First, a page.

Can Twitter Blue become a significant income stream for Twitter 2.0? Will subscriptions be the future of social media, as Elon Musk has predicted?
Right now, it seems that Musk’s early hopes of generating 50% of Twitter’s revenue from subscriptions is well off the mark – but maybe, it’s early days, and eventually, with enough incentives, more people will pay to use the app.
At the same time, maybe that doesn’t even matter anymore, with an ad industry veteran coming on as CEO?
Maybe, now, Twitter’s strategic approach on this front is starting to shift.
To recap, back in November, shortly after taking over the company, Elon Musk laid out his vision for the future of the app, which, among other elements, included Musk’s plan to get subscriptions to account for 50% of Twitter’s total revenue at some stage.
Which is an ambitious goal – though ambitious goals do also seem to be Elon’s specialty.
In pure dollar terms, Twitter’s Q2 2022 revenue – its last performance update before Musk took over at the app – was $1.18 billion, which would mean that Elon’s plan would eventually see Twitter generating $590 million per quarter from subscriptions. If that’s based on Twitter Blue purchases alone, that would require around 24 million users signing up to pay Elon and Co. $8 per month for a blue tick.
Thus far, around 663,000 people have opted to pay for Twitter Blue.
So it’s a long way off – but Twitter also has its Verification for Organizations program, at $1,000 per month, to help make up the shortfall, along with creator subscriptions, which Twitter doesn’t take a cut of yet, but will sometime in future.
So there is more to it – though even with these elements factored in, it’ll still be a big reach to get Twitter’s subscription income to that $590m target figure.
It’s still technically possible, and Elon and Co. continue to add more incentives to Twitter Blue to lure more subscribers. But it doesn’t seem like this is going to play out as Musk had, at least initially, hoped.
Does that mean that Twitter Blue is a failure?
Far from it – an extra $15.9 million from Twitter Blue per quarter is obviously significant, and will help Twitter counter the losses in ad spend that it’s seeing as a result of Musk’s changes at the app. But it won’t provide Elon with the freedom that he was aiming for, in regards to reducing Twitter’s reliance on ad dollars, and thus making it less beholden to stringent brand safety requirements.
It seems unlikely that subscription revenue is going make up even a tenth of Twitter’s overall intake, but it is a revenue stream nonetheless, and over time it could evolve into a bigger element in Twitter’s financial makeup. But as noted, with ad industry exec Linda Yaccarino coming on as Twitter CEO shortly, it does also seem like Musk is waving the white flag somewhat on this front, and conceding that his early plan for Twitter Blue isn’t going to play out as hoped.
Yaccarino will no doubt be tasked with re-building Twitter’s ad business, and re-establishing connections, which will inevitably also include more brand safety controls and considerations. Musk remains committed to free speech, and is unlikely to yield much on that front very easily, but it’ll be interesting to see if Yaccarino is forced to make some more concessions here, in order to address advertiser concerns about ad placement.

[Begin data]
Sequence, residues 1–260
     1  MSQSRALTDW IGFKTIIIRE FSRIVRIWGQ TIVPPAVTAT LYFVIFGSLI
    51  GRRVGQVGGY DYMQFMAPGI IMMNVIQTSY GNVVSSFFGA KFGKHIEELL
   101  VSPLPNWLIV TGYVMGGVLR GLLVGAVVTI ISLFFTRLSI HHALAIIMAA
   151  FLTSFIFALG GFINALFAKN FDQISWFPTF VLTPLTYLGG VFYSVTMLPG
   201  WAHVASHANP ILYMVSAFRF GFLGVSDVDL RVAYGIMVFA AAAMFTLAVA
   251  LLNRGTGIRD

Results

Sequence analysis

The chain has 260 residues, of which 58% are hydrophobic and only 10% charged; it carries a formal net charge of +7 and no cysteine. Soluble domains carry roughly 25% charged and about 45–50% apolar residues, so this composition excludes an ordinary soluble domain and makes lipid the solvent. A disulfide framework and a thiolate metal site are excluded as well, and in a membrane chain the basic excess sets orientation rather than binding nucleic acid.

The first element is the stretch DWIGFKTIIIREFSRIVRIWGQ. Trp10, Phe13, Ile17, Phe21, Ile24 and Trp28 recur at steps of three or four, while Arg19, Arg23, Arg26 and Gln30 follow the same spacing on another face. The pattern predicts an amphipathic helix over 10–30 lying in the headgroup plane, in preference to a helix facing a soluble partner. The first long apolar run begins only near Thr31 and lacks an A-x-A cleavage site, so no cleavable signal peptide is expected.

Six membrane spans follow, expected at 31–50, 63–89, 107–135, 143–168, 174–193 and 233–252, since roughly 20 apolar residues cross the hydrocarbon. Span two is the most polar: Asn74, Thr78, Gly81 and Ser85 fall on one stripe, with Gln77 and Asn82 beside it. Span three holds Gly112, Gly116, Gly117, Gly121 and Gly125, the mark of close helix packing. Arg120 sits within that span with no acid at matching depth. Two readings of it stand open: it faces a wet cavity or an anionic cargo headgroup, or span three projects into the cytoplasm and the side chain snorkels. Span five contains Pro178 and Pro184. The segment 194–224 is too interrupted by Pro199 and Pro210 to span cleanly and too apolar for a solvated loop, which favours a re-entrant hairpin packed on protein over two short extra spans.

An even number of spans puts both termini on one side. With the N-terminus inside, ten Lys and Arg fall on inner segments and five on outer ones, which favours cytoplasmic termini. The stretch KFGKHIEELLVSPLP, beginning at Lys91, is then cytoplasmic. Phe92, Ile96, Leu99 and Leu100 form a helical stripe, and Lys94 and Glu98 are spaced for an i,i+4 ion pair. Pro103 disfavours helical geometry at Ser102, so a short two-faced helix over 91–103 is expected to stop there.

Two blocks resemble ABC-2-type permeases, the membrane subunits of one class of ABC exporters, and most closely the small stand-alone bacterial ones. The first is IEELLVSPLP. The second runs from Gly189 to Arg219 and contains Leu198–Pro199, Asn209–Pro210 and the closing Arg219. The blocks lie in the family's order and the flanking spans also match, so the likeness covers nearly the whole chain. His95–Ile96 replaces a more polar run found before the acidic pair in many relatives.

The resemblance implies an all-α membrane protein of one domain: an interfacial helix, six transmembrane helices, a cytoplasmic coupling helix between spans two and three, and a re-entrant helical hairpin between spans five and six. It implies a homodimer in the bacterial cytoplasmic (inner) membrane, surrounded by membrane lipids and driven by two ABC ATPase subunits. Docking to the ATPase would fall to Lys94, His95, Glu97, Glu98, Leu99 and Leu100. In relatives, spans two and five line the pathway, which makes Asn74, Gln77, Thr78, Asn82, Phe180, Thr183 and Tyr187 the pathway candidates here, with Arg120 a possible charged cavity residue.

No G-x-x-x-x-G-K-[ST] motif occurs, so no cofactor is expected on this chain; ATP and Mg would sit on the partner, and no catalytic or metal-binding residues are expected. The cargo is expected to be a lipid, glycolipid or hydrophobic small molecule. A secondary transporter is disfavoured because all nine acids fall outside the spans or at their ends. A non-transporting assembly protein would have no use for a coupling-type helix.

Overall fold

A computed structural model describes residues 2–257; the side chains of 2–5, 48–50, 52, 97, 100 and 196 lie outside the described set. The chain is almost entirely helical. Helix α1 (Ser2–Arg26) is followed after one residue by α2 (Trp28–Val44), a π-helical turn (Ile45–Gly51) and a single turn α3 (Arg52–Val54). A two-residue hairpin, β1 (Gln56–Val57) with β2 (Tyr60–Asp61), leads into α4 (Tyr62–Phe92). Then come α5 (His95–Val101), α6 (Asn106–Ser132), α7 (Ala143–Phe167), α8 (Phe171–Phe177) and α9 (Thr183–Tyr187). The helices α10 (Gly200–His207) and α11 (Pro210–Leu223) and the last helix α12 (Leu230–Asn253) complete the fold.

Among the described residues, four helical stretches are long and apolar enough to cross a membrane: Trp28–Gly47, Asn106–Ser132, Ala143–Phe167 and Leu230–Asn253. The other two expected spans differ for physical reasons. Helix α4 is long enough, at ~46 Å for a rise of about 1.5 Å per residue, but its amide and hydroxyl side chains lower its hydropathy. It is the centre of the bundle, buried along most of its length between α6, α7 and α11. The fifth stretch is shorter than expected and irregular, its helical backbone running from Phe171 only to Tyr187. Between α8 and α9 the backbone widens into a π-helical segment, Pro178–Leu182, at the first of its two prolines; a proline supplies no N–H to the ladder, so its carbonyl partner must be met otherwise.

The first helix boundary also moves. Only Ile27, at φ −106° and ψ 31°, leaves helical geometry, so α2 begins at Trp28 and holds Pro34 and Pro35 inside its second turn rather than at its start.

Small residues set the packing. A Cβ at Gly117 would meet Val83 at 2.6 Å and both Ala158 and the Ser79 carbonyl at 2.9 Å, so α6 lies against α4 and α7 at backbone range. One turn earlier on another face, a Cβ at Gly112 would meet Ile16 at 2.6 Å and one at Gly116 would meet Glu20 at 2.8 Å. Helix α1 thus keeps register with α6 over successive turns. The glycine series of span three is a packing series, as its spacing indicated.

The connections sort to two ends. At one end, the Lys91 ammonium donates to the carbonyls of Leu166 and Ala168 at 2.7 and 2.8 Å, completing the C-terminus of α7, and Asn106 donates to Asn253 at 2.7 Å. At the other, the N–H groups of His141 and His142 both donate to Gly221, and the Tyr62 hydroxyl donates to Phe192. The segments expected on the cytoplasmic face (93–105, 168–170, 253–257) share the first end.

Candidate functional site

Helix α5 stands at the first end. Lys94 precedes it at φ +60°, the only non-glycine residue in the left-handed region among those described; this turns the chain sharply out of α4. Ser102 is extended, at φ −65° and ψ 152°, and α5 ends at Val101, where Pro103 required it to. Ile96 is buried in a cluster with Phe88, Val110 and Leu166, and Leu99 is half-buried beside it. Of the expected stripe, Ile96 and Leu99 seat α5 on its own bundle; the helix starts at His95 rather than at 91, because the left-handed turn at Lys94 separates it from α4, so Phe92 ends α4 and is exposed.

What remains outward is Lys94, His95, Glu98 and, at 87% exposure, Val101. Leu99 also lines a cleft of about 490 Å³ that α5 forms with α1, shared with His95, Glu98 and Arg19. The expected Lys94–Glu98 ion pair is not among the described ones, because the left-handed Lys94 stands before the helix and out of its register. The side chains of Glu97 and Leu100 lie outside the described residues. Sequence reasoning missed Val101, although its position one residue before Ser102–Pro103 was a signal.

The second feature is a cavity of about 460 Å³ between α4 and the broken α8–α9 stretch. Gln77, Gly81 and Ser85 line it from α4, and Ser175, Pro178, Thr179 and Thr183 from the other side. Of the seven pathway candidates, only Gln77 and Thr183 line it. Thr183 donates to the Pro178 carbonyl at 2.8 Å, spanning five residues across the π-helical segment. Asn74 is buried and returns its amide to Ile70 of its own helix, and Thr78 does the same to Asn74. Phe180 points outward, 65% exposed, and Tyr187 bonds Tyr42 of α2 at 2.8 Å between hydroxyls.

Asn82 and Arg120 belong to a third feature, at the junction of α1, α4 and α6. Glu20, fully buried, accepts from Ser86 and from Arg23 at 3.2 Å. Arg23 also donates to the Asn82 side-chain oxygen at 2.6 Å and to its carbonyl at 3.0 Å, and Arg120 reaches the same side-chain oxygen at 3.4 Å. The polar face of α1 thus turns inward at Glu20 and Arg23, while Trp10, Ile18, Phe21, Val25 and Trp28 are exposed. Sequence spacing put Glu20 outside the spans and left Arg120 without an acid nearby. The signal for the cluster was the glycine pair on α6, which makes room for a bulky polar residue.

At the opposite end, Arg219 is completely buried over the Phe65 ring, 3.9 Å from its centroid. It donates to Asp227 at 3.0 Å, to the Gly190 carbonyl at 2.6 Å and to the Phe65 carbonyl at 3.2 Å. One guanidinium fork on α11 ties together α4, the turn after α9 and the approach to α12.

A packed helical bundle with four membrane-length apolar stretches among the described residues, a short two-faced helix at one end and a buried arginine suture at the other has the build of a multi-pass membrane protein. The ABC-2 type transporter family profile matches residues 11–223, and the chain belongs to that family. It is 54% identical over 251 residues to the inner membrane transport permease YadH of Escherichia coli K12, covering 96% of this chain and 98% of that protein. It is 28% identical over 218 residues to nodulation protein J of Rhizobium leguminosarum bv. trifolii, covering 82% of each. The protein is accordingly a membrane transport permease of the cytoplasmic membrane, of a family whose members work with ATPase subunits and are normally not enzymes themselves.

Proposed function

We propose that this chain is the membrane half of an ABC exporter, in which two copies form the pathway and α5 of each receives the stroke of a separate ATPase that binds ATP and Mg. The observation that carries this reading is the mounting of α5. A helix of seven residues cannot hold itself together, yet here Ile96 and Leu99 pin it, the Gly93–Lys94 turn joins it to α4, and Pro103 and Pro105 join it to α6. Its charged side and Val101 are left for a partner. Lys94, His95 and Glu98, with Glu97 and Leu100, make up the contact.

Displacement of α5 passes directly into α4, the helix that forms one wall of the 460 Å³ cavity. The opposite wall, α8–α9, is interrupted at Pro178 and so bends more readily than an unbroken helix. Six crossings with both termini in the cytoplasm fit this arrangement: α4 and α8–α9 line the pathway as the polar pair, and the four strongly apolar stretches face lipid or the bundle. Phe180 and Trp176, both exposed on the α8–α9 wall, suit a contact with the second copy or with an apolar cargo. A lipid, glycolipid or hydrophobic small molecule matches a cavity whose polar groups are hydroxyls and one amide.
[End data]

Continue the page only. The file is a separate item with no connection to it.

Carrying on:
But where does that leave Twitter Blue? Well, it also seems unlikely that Elon will be taking a backwards step on this, and reinstating the old verification process. I do think that it’s in Twitter’s interests to verify the profiles of high-profile identities that are likely to be subject to impersonation, whether they pay or not, but that’ll likely have to go hand-in-hand with its paid verification process, which Musk continues to claim is about battling spammers and scammers, and not about the money so much.
But if that were true, Musk could offer verification for free, and a heap of people would verify their details in the app, which would really squeeze out bot traffic. But as Musk has noted, Twitter has to make money somehow, which is why the messaging around paid verification has been convoluted somewhat.
Of course, Meta has also copied Twitter’s approach, in an effort to rake in some quick cash, which adds extra weight to Musk’s strategic thinking here. But both offerings undermine the value that they now purport to sell, and neither is going to end up being a big part of the overall platform ecosystem, unless the companies lock down usage entirely for non-paying members.
That would have significant impacts on ad spend, which remains the big winner, and it seems impossible that either organization would risk losing such a significant chunk of their audience by forcing users to pay.
We’ll have to wait and see what Verification for Organizations brings, along with creator subscriptions, but all of these elements look set to become a lesser consideration over time, which, really, are doing more harm than good. At least, until Twitter evens out the process by adding in verification for high-profile users alongside paid members – but as a singular project, based on its initial stated aims, it’s unlikely to reach the lofty targets originally set.